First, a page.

Save Your Landscape
"Dogs in the landscape." For many homeowners, this simple statement can conjure up visions of terror and destruction. As a professional landscaper, I too have seen the fury of the fur time and time again.
One incident I recall happened years ago, when I was a young and rather inexperienced landscaper. My clients, Bob and Margie, were having trouble with their two Weimaraners. The dogs had worn a path into the soil around the yard's perimeter fence and dug multiple holes throughout the courtyard and around the water feature. My solution to Bob and Margie's predicament was to build a stone wall with a wooden gate to separate the water feature and courtyard. In addition, I planted a row of ornamental grasses about five feet out from the fence. I thought this would hide the path of damage, and allow the dogs to run between the ornamental grass and the fence. I hoped this solution would work. It didn't. The dogs dug up the grasses, dug new holes, and even chewed on the wooden gate. The stone wall was the only survivor.
Over the years I saw many homeowners combat the canines; encountering dogs that dug holes, chewed expensive trees, pulled out shrubs, and devoured everything from low voltage lighting systems and weed fabric, to pool covers and patio furniture. Needless to say, after those experiences, I came to the conclusion that dogs and nice landscapes just don't mix, and told my clients if they wanted to preserve their landscape, they should not have dogs. And then one day, my position was challenged. I found myself on the front line in the war for the landscape, and this time the battle was in my own backyard. Not wanting to deprive my children of a life with a dog, I broke down and brought one home; thinking I could train it to behave in the landscape. However, I soon realized, that while training a dog is possible, it takes an enormous amount of time. And like most folks with a job and a family, I just didn't have the time to invest in effective training. So I found myself in the same predicament as all those clients I worked with through the years - how to have a dog, and also have a nice landscape.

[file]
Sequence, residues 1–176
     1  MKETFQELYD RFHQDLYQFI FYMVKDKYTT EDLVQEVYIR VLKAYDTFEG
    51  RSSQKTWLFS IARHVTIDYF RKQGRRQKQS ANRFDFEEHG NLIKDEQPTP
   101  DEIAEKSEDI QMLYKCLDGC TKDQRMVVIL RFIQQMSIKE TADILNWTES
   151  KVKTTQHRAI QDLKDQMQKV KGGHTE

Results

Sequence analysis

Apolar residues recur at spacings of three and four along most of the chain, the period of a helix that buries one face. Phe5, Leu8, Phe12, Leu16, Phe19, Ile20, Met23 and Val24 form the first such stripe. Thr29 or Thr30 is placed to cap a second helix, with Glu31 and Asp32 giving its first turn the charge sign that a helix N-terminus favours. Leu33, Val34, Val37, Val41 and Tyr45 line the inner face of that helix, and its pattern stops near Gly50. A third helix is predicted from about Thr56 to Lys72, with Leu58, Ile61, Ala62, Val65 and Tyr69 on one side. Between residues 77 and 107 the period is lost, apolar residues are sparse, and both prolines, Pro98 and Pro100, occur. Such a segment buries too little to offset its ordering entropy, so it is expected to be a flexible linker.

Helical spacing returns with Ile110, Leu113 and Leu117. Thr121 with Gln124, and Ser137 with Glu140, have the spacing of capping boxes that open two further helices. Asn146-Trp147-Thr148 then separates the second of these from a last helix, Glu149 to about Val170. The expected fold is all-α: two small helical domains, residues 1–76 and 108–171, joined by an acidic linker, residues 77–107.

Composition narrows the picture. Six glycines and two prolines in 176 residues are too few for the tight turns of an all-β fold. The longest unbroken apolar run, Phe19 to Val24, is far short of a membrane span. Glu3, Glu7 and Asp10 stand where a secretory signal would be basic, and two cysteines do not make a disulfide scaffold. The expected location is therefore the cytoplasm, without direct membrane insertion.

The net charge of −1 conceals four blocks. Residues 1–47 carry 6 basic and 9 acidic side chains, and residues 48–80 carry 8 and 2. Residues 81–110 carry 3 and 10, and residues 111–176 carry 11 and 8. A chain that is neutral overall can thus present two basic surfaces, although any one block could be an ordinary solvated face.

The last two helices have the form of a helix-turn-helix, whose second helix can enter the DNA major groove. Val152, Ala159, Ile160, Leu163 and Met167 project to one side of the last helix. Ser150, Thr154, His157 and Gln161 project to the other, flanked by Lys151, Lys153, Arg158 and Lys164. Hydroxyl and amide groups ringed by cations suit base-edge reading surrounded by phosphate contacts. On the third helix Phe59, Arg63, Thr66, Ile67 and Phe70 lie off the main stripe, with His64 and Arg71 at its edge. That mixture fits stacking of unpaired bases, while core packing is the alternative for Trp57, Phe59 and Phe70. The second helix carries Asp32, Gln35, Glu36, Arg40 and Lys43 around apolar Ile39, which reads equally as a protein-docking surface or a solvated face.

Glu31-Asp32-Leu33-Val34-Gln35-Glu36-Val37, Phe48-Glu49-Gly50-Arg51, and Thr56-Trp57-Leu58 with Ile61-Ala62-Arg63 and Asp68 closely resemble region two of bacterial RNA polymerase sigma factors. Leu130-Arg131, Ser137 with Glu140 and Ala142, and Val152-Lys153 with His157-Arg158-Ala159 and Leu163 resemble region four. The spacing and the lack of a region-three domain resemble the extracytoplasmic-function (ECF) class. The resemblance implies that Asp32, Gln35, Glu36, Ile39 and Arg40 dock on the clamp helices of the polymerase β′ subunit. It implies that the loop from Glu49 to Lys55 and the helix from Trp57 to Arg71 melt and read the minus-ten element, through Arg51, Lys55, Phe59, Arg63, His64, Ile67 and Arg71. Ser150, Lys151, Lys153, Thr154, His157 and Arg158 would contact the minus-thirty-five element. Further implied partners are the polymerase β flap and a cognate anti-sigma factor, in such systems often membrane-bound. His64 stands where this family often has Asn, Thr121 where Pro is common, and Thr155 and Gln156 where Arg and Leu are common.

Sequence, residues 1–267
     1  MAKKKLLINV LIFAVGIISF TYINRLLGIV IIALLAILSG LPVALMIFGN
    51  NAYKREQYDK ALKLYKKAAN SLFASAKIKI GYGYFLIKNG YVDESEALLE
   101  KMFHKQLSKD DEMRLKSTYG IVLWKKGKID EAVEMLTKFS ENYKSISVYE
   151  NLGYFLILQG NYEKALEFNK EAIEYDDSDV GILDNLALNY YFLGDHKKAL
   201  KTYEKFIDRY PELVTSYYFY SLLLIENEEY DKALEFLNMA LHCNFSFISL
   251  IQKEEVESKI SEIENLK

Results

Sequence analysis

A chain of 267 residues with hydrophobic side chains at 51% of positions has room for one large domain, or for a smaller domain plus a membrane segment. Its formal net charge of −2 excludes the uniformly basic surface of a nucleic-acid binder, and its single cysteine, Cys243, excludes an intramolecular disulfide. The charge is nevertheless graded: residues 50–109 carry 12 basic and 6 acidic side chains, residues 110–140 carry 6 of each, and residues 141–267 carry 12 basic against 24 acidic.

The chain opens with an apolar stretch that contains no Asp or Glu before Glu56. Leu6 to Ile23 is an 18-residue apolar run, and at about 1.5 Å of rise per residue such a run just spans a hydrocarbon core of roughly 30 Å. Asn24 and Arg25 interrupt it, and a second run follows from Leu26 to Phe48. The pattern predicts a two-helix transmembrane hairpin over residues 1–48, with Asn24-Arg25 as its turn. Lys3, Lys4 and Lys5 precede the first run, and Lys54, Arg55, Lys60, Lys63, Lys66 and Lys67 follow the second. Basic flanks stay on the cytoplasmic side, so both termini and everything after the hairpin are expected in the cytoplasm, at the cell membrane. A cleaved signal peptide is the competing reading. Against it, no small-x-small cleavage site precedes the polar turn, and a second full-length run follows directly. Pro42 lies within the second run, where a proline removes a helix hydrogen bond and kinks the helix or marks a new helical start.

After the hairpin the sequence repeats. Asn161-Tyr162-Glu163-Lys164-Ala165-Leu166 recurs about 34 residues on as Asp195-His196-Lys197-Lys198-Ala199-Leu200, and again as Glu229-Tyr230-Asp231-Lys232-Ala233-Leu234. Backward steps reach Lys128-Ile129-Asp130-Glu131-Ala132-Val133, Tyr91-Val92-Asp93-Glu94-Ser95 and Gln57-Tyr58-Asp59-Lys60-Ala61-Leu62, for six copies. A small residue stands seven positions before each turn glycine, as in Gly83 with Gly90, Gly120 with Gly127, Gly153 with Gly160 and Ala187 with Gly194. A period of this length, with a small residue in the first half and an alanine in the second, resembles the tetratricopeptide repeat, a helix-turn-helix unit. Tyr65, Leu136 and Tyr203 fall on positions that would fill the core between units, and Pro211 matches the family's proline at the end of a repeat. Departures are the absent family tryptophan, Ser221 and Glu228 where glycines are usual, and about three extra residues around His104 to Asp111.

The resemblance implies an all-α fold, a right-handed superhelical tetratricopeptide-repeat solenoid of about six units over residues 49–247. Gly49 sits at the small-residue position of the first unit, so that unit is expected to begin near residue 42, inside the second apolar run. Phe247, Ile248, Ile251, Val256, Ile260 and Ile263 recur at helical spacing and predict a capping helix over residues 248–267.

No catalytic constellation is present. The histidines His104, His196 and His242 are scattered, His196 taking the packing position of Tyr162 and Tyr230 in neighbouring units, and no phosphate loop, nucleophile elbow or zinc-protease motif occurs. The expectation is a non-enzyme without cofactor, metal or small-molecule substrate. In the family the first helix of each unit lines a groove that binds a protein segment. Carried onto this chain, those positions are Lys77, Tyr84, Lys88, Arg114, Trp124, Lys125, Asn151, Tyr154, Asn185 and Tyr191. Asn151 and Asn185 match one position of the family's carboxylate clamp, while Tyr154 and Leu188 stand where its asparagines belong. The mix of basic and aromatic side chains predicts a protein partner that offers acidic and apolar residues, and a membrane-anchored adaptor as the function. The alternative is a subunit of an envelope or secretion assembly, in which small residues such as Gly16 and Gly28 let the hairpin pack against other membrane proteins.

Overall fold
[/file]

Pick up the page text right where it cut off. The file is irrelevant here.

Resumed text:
After researching various methods, a friend suggested Invisible Fence. And with one phone call to my local Invisible Fence professional, the war was over. I was able to give my dog the freedom to run and at the same time, preserve my landscape. It is my opinion as a professional landscaper, a homeowner, and a dog owner that there is no better way than Invisible Fence to keep your dog safe, and keep your landscape intact.
Source: Joe Sherinski, Master Gardener and Professional Landscaper 8/31/2011